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Subject: Torres - great software, bad hardware? rss

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Marc
Belgium
Antwerp
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It has been a long time since I last wrote a review, but I thought this one deserved its own. A classic in a new jacket, a revamp of a celebrated original. I always admired the pictures of Torres online and promised myself I would pick up an original version once I saw one somewhere for a cheap price. Obviously this never happened and it's only now I get why. It's great, I mean it really is, who would ever part ways with their copy?

Anyhow, the review. I'll try to keep the same, short structure as my last one:

The Rules
They did a great job at explaining the rules in the booklet, but as with many games, this one is much easier to learn from another player. The game takes about 60 minutes, sometimes less if you play with experienced players, sometimes more if you play with advanced rules. But overall our games were pretty fast and fun! The goal of the game is to build the biggest forts, hold those with your knights and impress the king. Three rounds of each 3-4 turns per player with a special scoring round after every round. Each turn the players get 5 action points (AP) to spend on variable actions like building fortblocks, adding/moving knights and drawing/using action cards. During the scoring round you will get points for each fort you have a knight in and each player that is present in the same fort as the king, will get extra bonus points. After three scoring rounds like this, the winner is the player with the most points.

Some essential rules I'll explain with this picture:



1) Scoring is counted by multiplying (level knight x size fort), so the purple bottom right fort would be 2 points (1 x 2), the top purple fort would be 20 (4 x 5). Keep in mind that it's the level of the knight that gets counted, not the level of the fort itself. The top fort would generate 25 points for yellow and 20 points for purple.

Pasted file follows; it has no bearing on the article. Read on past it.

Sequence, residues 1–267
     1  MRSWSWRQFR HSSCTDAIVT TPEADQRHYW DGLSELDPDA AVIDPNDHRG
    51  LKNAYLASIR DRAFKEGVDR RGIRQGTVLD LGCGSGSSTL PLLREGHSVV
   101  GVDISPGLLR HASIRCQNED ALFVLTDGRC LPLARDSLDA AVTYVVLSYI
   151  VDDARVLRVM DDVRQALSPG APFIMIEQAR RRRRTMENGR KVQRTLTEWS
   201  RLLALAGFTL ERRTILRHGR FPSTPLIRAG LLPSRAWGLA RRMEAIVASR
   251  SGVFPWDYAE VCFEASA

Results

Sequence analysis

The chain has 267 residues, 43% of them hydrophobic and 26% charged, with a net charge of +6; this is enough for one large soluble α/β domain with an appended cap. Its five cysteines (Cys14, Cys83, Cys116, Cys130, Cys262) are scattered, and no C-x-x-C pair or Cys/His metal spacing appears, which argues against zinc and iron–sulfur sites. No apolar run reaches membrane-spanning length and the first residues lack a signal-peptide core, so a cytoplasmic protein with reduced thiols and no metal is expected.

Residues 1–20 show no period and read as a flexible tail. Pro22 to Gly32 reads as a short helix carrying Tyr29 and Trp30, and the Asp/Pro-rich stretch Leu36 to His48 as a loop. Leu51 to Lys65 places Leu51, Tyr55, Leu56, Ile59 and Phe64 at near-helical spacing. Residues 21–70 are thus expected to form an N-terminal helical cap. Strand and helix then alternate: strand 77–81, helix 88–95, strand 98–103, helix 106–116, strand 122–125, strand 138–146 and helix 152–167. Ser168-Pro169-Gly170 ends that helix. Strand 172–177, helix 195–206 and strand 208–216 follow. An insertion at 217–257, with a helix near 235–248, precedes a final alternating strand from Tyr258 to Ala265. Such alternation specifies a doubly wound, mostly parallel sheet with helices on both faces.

2) Building works in a similar way, you can build anywhere on the map, but you cannot connect 2 forts. Obviously you can not build on top of a knight or a king. If you wanna build an extra level of a fort, you can not exceed the size of the fort. To use the top fort again, you can not build higher than 5 since it's only 5 big.
3) Moving a knight is basically 1AP for each move. The knight can not move diagonally, can jump 1 level higher per AP, can jump down x lvls per AP and can use the gates in the forts to take shortcuts.

The Play
For new players, it will take 1-2 rounds to get a basic feel for the game, by the 3rd round they will be hooked. I love this game since it's simple and fast, yet so deep. After about 8 plays in the past few days, I can already say this will be a welcome addition to my collection. Building your own forts the most efficient way while still annoying your opponents is insanely fun! To get your knight as high as possible, you have to build stairs or work your way up with two towers in the fort. Your opponent can take advantage of you and sneak in on your stairs, or use one of the many action cards to get a special ability (move diagonally or jump 2 high among many others) to get ahead in your own fort. The shortcuts you can take through the forts, make you able to jump out late game and sneak in somewhere else. The action cards really add flavour to the game. In the experienced mode, everyone has access to all action cards from the start of the first turn. Or you can add the master cards, which give a 'mission' each game (occupying the sides of the map, or certain forts). All these little things make for a very high replayability on all kinds of skill levels.